Daniel Brühl Replaces James McAvoy In Bill Condon's WikiLeaks Film

It looks like James McAvoy won't be reuniting with his Atonement and Starter for 10 co-star Benedict Cumberbatch after all. Earlier this month, we learned that McAvoy had signed on for Bill Condon's WikiLeaks movie in the role of Daniel Domscheit-Berg, right-hand man to Julian Assange (Cumberbatch). Unfortunately, negotiations have now broken down over McAvoy's commitment to X-Men: Days of Future Past.

But the news isn't without a silver lining. Replacing McAvoy in the part will be Daniel Brühl, best known in the U.S. for playing Nazi soldier Fredrick Zoller in Inglourious Basterds. More details after the jump.

While I don't know much about Domscheit-Berg's personality, there's at least one sense in which Brühl makes a better pick than either McAvoy or the previously rumored Joel Kinnaman — like Domscheit-Berg, Brühl is German. Brühl and Cumberbatch are the only confirmed stars at the moment, though the trade notes that "there is interest" in getting Laura Linney to play a CIA officer.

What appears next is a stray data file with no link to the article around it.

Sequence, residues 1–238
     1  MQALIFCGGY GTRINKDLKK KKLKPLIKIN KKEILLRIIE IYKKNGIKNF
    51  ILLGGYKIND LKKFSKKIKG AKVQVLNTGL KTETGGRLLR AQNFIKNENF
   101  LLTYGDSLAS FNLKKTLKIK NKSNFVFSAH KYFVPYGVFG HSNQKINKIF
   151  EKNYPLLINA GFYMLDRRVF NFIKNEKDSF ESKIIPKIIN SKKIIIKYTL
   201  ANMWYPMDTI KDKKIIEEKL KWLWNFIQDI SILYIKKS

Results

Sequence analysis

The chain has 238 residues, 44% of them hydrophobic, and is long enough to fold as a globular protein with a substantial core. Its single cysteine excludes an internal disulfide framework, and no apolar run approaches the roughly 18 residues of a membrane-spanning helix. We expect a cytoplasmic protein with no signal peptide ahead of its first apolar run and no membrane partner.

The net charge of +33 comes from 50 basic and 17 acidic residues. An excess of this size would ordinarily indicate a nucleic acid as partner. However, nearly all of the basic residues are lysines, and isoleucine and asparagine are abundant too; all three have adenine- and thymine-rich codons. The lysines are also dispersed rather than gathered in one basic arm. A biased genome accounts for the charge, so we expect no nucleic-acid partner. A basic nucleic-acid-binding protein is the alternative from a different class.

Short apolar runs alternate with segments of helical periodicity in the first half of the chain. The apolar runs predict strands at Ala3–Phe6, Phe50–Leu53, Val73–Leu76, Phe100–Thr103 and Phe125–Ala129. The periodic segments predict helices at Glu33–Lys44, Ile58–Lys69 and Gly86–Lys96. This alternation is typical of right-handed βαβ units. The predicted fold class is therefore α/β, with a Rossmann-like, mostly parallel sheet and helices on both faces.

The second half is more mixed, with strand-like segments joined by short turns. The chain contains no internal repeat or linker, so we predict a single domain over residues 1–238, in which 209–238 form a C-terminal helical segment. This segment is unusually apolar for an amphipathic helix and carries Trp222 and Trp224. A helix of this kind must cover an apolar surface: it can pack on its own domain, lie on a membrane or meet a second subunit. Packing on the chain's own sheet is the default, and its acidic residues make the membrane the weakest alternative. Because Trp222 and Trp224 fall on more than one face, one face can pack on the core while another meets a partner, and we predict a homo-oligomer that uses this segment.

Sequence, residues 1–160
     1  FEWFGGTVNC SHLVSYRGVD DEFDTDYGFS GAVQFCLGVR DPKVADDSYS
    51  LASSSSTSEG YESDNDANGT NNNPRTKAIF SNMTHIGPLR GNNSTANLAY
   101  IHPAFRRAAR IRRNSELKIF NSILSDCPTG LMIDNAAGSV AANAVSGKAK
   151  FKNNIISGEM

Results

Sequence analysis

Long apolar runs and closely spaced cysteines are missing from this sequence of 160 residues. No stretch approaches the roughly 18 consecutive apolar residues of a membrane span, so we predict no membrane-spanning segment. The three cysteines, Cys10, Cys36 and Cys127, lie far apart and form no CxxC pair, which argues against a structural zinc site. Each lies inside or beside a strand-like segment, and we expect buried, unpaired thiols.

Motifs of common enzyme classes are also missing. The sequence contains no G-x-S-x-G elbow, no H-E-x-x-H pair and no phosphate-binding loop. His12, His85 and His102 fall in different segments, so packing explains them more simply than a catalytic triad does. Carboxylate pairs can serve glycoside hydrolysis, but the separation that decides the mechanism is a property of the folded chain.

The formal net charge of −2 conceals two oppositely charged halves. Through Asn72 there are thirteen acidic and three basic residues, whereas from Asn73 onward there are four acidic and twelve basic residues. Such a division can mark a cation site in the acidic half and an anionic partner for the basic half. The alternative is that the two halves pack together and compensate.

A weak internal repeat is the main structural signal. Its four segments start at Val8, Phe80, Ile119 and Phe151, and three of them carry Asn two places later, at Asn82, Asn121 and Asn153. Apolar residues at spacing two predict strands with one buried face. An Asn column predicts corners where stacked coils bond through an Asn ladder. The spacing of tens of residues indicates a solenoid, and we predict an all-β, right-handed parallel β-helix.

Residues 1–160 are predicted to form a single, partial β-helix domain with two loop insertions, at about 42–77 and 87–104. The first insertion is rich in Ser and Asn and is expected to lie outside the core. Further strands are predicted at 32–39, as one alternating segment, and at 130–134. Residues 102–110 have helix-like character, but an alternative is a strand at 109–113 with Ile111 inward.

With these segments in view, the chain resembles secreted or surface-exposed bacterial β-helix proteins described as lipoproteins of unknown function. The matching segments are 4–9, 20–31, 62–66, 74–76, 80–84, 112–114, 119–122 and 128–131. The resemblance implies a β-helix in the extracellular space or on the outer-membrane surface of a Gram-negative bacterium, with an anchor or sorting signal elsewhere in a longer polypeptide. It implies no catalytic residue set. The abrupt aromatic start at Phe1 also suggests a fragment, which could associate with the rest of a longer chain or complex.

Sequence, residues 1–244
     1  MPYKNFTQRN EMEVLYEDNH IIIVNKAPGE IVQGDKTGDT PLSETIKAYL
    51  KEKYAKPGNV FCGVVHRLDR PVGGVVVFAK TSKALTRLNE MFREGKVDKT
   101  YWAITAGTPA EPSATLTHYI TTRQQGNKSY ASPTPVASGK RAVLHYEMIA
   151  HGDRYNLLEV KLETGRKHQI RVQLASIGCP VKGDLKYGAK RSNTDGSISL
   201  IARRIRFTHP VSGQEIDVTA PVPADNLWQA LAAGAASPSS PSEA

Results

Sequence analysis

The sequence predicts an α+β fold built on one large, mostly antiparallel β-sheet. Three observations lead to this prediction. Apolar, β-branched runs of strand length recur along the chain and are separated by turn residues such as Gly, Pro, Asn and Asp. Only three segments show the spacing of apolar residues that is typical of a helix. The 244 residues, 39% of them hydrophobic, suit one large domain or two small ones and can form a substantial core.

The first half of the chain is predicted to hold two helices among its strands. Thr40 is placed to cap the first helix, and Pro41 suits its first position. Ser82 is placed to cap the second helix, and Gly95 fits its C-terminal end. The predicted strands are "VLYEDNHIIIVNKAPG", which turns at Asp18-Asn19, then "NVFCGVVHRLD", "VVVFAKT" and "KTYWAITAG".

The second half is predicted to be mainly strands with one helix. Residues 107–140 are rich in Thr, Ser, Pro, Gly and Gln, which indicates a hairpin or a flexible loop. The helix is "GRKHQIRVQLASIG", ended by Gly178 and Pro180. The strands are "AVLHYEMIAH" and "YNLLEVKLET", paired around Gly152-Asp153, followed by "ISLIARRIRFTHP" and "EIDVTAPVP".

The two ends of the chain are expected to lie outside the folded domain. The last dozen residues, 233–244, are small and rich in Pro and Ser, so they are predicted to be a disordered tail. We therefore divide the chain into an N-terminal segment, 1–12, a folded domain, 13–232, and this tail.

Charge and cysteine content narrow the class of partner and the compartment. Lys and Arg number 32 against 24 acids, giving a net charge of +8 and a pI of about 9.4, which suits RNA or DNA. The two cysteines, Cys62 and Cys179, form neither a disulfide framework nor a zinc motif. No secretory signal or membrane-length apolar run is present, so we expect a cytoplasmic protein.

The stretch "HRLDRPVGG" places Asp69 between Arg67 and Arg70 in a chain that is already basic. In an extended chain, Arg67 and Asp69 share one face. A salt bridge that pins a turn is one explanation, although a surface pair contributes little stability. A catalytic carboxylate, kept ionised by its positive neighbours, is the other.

The real-life Domscheit-Berg met Assange at the Chaos Computer Club conference in 2007, and became the organization's spokesperson soon after. He grew increasingly disillusioned with Assange, and the two men had a falling out in 2010. In 2011, Domscheit-Berg published a tell-all memoir about his time with Assange, Inside WikiLeaks: My Time With Julian Assange at the World's Most Dangerous Website.

That tome comprises one of two source materials for Condon's film, the other being David Leigh and Luke Harding's WikiLeaks: Inside Julian Assange's War On Secrecy. The script, by Josh Singer (The West Wing), portrays Assange as an idealist who becomes corrupted by power.

Brühl is better known in his native country than he is in the U.S., but he's certainly on his way up. He first gained international attention in 2003 with Good Bye, Lenin!, and again in 2009 with Inglourious Basterds. His upcoming English-language projects include Ron Howard's Formula 1 drama Rush and Anton Corbijn's John le Carré adaptation A Most Wanted Man.